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FeLV or feline leukemia is a retrovirus that produces an
enzyme, reverse transcriptase, which copies its own DNA into
infected cells. In this way it is similar to FIV and human
HIV. FeLV has been demonstrated in the cat population
throughout the world. In the United States two to three
percent of the cat population is infected with FeLV.
FeLV is more easily contracted by young
kittens, old cats,
or cats that already have a compromised immune system. Cats
that are infected with FeLV will shed the virus in extremely
high quantities. It is transferred through saliva, urine,
feces and mother's milk. It also transfers from the mother
cat to kittens. The virus can't sustain itself on its own
and will quickly die within a few hours outside of the cat's
Cats that are highly susceptible to getting FeLV, aside from
those listed above, are cats that live with infected cats,
kittens born of an infected mother and outdoor cats. FeLV is
a common cause of cancer in cats; it also causes blood
disorders and lowers immune system response.
Cats may show no response when they are initially infected
with FeLV. Symptoms will start occurring over a period of
time from weeks to years depending upon how quickly the
disease progresses. This disease also has remissions in
which the cat can seem perfectly healthy and then all of a
sudden very sick.
Here are some common symptoms that have been observed in
cats with FeLV:
- A variety of eye conditions
- Enlarged lymph nodes
- Abortion of kittens or other reproductive failures
- Infections of the skin, urinary bladder, and upper
- Inflammation of the gums and mouth
- Loss of appetite
- Pale gums and other mucus membranes
- Persistent diarrhea
- Persistent fever
- Poor coat condition
- Seizures, behavior changes, and other neurological disorders
- Slow but progressive weight loss, followed by severe
wasting late in the disease process
There are two stages to FeLV: Primary viremia and Secondary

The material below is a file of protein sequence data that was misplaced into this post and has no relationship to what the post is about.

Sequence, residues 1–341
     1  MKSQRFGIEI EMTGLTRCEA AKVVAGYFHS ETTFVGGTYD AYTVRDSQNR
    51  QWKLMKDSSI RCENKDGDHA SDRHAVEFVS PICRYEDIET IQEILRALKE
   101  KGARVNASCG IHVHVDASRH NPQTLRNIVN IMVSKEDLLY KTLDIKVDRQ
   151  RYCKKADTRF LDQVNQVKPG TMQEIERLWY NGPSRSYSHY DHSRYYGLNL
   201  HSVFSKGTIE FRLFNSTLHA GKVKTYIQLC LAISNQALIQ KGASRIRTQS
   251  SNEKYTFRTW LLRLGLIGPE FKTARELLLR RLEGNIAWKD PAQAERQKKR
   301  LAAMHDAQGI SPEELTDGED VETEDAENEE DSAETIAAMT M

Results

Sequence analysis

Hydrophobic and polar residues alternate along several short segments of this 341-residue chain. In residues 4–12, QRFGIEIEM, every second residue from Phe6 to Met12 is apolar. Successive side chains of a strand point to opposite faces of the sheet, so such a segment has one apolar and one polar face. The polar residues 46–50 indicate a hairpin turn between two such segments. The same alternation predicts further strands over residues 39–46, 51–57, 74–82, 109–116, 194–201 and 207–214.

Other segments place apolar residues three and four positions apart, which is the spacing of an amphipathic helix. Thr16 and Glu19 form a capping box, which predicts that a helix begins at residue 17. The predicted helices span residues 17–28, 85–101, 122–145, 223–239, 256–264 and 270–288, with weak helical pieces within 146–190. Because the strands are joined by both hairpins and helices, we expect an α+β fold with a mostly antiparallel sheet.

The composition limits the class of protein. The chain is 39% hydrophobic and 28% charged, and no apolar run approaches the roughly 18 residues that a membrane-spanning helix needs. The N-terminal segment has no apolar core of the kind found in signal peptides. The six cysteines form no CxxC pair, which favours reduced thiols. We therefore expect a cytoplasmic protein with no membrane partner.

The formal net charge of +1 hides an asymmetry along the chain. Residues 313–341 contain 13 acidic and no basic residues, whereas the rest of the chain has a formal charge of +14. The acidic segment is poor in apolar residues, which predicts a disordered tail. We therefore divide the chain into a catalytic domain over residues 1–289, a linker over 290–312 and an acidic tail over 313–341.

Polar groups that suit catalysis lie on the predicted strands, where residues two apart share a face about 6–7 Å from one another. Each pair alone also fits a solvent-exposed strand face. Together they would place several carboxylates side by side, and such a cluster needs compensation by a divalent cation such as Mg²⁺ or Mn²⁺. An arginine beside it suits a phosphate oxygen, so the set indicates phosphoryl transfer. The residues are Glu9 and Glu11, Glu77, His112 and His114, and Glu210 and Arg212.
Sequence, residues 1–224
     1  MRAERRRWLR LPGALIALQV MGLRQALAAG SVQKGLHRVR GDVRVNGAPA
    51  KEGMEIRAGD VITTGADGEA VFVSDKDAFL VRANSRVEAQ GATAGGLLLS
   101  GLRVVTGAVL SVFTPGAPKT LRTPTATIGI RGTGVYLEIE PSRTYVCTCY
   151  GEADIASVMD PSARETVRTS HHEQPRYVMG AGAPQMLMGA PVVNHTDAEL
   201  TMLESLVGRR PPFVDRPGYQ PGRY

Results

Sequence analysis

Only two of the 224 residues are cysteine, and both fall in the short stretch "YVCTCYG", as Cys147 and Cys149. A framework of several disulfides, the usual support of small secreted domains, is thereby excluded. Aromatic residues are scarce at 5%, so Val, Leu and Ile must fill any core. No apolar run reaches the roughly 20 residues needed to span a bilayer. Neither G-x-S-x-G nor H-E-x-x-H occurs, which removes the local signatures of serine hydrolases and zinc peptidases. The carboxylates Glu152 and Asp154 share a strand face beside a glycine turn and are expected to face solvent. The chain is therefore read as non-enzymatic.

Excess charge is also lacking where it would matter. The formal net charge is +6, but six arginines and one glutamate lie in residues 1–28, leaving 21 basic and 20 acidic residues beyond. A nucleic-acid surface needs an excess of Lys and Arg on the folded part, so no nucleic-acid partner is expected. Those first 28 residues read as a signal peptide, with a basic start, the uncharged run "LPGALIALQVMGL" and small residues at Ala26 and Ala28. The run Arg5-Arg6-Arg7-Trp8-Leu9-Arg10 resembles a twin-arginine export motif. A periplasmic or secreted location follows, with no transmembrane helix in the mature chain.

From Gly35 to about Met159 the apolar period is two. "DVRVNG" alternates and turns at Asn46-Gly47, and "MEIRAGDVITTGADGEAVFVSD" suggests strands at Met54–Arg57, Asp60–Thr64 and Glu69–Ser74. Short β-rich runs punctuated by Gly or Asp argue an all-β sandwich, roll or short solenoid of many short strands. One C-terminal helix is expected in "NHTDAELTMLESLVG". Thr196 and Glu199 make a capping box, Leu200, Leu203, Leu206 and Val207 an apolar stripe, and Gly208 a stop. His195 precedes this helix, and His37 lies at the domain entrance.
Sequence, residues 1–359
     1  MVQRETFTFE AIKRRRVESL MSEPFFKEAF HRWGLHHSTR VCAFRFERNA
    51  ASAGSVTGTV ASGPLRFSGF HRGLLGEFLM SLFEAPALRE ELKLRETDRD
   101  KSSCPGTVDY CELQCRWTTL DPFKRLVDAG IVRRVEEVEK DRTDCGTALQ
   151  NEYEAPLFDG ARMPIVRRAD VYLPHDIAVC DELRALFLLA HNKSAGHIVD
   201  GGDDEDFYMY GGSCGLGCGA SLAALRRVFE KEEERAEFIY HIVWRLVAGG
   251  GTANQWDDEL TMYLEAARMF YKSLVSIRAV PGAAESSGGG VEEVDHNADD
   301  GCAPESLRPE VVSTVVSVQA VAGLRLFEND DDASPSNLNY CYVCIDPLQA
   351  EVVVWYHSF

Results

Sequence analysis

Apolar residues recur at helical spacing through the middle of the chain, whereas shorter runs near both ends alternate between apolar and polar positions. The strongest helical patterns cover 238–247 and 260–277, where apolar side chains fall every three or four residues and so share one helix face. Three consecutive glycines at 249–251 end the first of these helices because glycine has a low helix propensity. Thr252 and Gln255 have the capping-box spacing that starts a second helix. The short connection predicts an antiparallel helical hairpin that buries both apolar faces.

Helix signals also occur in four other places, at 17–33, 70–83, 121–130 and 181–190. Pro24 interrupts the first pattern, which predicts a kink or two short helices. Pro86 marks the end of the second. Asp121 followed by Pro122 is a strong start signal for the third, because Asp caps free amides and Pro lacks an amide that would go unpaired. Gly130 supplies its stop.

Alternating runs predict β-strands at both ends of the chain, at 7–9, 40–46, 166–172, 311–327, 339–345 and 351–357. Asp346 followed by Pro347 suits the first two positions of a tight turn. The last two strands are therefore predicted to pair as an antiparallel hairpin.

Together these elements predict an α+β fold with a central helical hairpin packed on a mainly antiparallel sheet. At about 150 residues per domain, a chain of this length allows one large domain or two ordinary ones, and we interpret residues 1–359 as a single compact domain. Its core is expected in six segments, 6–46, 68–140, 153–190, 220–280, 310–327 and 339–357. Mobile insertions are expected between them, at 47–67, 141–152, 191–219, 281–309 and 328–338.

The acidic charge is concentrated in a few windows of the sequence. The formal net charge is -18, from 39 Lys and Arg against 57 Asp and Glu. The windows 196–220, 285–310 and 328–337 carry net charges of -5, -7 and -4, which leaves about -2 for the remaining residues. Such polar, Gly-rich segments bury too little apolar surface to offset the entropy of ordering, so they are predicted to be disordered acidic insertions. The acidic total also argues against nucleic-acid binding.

viremia. Primary viremia is comparable to HIV in humans
where the immune system can still mount a defense to slow
the progression of the disease. Secondary viremia is
comparable to AIDS in humans where the cat is easily
infected by anything and the FeLV has infected the bone
marrow and other tissues. There is usually no return from
FeLV is diagnosed through the ELISA or enzyme-linked
immunosorbent assay test and IFA or indirect
immunofluorescent antibody assay test. You can prevent your
cat from getting infected by making sure that your cat has
been vaccinated and then preventing your cat from ever going
outside or coming into contact with infected cats.
FeLV is incurable and eventually your cat will die from this
disease. Until then you need to feed your cat a proper diet,
closely monitor your cat's health, have regular checkups
with your veterinarian and do not allow your cat outside of
your home or to come into contact with other cats. You
should also spay or neuter your cat.
Leukemia in Cats
By: Dr. Jane Bicks
Some cats are carriers, others are victims, but all are potential targets for
this cancerous virus.
Highly contagious, this feline viral blood cancer is spread through the saliva
(possibly also the urine and feces) of infected cats. Once the disease is
contracted, a cat generally does not survive for more than a few years,
despite medical treatment.
The symptoms include: jaundice, anemia, weight loss, appetite loss, diarrhea
or constipation, enlarged lymph nodes, fatigue, excessive thirst and/or
urination, respiratory distress, infertility, and probably a deteriorating
immune system that prevents victims from warding off other diseases.
As yet, there is no cure, but vaccines are available. Ask your veterinarian
about testing for FeLV and vaccine options.
Feeding for Fortification
A healthy adult cat, exposed to the virus, can develop immunity to the
primary disease (in effect, suppress it) and live out a normal life.
But should this carrier's natural defenses be nutritionally let down,
particularly during a period of stress, the disease could then surface and
Vary feeding of professional/alternative canned and dry foods that
contain high-BV protein in a good ratio to quality fat, with an
impressive vitamin- mineral analysis, add No artificial coloring or
sodium nitrite, and no more than one preservative.
Provide 1/4 teaspoon of bee pollen.
250 - 500 mb of vitamin C daily.
Provide an antioxidant formula daily.
Provide balanced Omega 3/6 fatty-acid supplement with zinc daily.
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